13485cert

FAQ #1: But what about the FDA requirements?

In Internal Auditing, International Standard, ISO, ISO 13485, JPAL, MO # 169, Quality Management Systems on June 1, 2011 at 2:37 am

I thought I would expand my usual musical range to include some of the music I grew up with. I hope you enjoy this fantastic performance.

I hear this question, or a question with similar wording, quite frequently when I am auditing. Typically the question is in response to a better way to do something that seems simple and efficient. Most people seem to approach regulatory requirements with the approach of…let’s bury the regulator. While it’s true that we expect a certain amount of paperwork with each regulatory requirement, we frequently are accepting of a much broader range in stack heights. For example, a design controls procedure could be a one page flow-chart that references forms and work instructions. A design controls procedure could also be twelve separate documents with a minimum length of ten pages and a maximum of forty pages per document. As long as the procedure has sufficient detail for the people performing these tasks and all the required elements are included, ISO clauses 7.3.1-7.3.7, then we have no choice but to identify the procedure as conforming.

The above example is the perspective of an auditor looking for CONFORMITY!

However, some people are inspectors that are looking for NONCONFORMITY!

In the case of inspectors, it is critical to present your information in such a way that it is easy for the inspector to see how you meet the requirements of the regulations. One of the best ways to do that is to reference the requirements directly in your procedures.

For those that prefer finesse…try to organize information in accordance with the regulations. For example, if I am writing a procedure for an ISO registration audit, I write the procedure to specifically address the ISO sub-clauses. I might even use a document control number like: SOP-73 for my “Design and Development” procedure. Alternatively, if I’m writing a procedure for a JPAL audit, I might change my document control number to SOP-3036 for my “Design and Development” procedure. This matches up with JPAL Ministerial Ordinance #169, Articles 30 through 36. In this case, the document control number suggests compliance with the Japanese regulations. A little subconscious suggestion couldn’t hurt.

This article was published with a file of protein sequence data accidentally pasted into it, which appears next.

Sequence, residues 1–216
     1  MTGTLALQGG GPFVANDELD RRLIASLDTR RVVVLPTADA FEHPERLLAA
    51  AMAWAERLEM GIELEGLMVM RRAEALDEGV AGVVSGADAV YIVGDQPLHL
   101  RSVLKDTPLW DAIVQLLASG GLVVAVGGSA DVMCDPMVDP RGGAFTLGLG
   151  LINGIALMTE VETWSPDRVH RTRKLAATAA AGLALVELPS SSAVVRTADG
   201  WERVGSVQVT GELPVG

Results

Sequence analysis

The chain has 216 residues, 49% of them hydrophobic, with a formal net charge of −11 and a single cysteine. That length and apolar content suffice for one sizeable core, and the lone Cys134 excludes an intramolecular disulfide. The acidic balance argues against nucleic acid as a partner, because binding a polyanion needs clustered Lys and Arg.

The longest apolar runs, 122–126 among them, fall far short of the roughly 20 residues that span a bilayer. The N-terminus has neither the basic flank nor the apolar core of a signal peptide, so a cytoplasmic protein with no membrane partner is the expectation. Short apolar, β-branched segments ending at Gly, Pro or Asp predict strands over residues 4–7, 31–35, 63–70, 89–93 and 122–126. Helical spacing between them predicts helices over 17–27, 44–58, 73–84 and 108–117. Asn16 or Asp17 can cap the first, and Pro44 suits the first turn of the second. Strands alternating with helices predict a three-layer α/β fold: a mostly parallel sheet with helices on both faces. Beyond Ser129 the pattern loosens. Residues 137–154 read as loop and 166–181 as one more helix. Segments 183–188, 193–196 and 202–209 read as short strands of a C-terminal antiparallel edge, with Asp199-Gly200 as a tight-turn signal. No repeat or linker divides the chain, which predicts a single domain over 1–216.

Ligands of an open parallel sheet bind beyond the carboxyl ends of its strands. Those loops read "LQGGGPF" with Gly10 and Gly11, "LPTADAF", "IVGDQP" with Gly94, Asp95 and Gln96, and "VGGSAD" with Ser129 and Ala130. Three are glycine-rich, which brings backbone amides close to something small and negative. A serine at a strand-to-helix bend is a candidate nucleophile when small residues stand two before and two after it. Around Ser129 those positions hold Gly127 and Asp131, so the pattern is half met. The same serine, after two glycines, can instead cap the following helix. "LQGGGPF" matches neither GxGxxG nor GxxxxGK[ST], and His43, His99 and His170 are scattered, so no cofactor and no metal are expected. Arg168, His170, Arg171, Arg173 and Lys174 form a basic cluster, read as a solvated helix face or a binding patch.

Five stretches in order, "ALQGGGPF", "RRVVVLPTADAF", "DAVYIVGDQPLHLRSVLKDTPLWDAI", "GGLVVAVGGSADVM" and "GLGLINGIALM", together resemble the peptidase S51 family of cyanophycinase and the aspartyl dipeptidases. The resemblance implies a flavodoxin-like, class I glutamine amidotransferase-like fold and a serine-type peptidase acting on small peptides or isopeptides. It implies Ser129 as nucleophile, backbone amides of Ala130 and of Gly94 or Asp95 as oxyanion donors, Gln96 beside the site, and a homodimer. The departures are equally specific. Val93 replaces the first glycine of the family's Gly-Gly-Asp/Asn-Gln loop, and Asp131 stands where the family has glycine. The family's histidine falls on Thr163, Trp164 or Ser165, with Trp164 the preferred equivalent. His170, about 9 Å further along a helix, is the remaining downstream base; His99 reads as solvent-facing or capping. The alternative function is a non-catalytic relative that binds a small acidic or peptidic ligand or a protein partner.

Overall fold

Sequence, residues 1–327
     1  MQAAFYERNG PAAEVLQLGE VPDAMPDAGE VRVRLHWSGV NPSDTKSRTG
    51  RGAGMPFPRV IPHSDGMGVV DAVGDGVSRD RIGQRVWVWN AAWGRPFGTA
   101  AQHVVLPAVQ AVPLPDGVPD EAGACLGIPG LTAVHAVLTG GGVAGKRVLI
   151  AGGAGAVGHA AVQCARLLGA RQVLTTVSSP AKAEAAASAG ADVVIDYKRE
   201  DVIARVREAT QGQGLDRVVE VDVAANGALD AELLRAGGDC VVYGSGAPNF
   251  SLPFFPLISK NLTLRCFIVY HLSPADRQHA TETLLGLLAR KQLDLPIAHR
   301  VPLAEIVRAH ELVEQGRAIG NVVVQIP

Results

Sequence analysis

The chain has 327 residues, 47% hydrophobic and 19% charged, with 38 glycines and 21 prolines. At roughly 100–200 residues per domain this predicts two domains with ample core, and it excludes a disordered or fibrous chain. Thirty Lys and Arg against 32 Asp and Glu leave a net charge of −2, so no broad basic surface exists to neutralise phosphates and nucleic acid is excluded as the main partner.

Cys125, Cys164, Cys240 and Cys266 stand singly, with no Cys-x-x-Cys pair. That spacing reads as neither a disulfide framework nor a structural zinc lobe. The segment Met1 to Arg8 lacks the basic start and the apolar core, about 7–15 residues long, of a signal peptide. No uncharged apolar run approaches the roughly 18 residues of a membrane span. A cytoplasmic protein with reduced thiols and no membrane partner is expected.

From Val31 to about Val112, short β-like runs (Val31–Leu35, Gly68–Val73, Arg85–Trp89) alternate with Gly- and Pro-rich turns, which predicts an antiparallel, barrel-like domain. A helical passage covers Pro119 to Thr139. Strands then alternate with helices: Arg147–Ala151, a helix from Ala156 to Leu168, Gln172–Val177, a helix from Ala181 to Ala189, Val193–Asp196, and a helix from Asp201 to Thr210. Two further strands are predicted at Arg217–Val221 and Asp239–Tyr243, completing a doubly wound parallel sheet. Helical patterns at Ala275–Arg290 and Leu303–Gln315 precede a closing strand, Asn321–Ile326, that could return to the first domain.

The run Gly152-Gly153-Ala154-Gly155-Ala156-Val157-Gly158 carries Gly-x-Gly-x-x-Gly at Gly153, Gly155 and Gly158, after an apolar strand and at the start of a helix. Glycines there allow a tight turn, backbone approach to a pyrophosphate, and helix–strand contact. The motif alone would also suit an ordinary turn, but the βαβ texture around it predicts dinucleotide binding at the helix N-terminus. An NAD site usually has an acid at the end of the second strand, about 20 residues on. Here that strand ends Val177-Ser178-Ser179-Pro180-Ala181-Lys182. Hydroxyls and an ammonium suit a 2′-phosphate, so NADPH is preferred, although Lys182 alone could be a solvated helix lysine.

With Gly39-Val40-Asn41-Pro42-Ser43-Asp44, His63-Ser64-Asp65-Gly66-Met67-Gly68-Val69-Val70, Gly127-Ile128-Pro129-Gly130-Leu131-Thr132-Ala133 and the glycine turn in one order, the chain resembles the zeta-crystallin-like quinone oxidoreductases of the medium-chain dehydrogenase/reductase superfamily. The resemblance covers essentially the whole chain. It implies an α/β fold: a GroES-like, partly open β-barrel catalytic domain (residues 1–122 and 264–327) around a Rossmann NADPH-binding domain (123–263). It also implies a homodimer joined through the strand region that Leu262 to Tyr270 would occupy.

In my previous blog posting, I suggested a slight change to the scheduling of internal audits. In order to make sure this meets FDA requirements, the key is to READ THE REGULATIONS AGAIN. With regard to internal auditing, the applicable FDA regulation is: 21 CFR 820.22:

“Each manufacturer shall establish procedures for quality audits and conduct such audits to assure that the quality system is in compliance with the established quality system requirements and to determine the effectiveness of the quality system. Quality audits shall be conducted by individuals who do not have direct responsibility for the matters being audited. Corrective action (s), including a reaudit of deficient matters, shall be taken when necessary. A report of the results of each quality audit, and reaudit(s) where taken, shall be made and such reports shall be reviewed by management having responsibility for the matters audited. The dates and results of quality audits and reaudits shall be documented.”

The above requirement is quite vague with regard to how many auditors and how many days must be spent auditing. These are the variables I suggested changing in my previous posting. The FDA regulations are specific, however, with regard to documenting the “reaudit” of any deficiencies found during an audit. This prescriptive requirement can be met by reviewing previous audit findings of all audits with the audit program manager during the audit preparation process. The audit program manager can facilitate the assignment of which auditor will reaudit each finding. This may require a few more minutes of audit preparation, but this should not measurably impact the overall time allocated to an audit.

Somehow the above prescriptive requirement slipped my mind. I do this out of habit when I am performing internal audits on behalf of clients, but if I am auditing the internal audit process of a client—now I’ll remember to point out this additional requirement that is specific to the FDA and not included in the ISO Standard. This is why we should always READ THE REGULATIONS AGAIN.

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